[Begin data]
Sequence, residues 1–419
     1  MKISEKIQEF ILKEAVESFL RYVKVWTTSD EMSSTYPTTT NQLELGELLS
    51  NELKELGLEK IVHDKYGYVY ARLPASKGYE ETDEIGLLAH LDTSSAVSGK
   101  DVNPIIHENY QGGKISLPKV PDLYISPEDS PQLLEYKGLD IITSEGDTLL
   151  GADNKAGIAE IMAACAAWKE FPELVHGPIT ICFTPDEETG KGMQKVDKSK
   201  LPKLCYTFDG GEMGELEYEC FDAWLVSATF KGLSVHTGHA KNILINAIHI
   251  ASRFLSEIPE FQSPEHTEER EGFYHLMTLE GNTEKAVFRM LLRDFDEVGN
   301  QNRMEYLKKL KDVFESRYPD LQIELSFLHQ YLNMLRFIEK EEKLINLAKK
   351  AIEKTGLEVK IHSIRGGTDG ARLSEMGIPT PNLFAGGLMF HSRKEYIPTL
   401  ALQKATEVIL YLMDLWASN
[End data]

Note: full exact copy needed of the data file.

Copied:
Sequence, residues 1–419
     1  MKISEKIQEF ILKEAVESFL RYVKVWTTSD EMSSTYPTTT NQLELGELLS
    51  NELKELGLEK IVHDKYGYVY ARLPASKGYE ETDEIGLLAH LDTSSAVSGK
   101  DVNPIIHENY QGGKISLPKV PDLYISPEDS PQLLEYKGLD IITSEGDTLL
   151  GADNKAGIAE IMAACAAWKE FPELVHGPIT ICFTPDEETG KGMQKVDKSK
   201  LPKLCYTFDG GEMGELEYEC FDAWLVSATF KGLSVHTGHA KNILINAIHI
   251  ASRFLSEIPE FQSPEHTEER EGFYHLMTLE GNTEKAVFRM LLRDFDEVGN
   301  QNRMEYLKKL KDVFESRYPD LQIELSFLHQ YLNMLRFIEK EEKLINLAKK
   351  AIEKTGLEVK IHSIRGGTDG ARLSEMGIPT PNLFAGGLMF HSRKEYIPTL
   401  ALQKATEVIL YLMDLWASN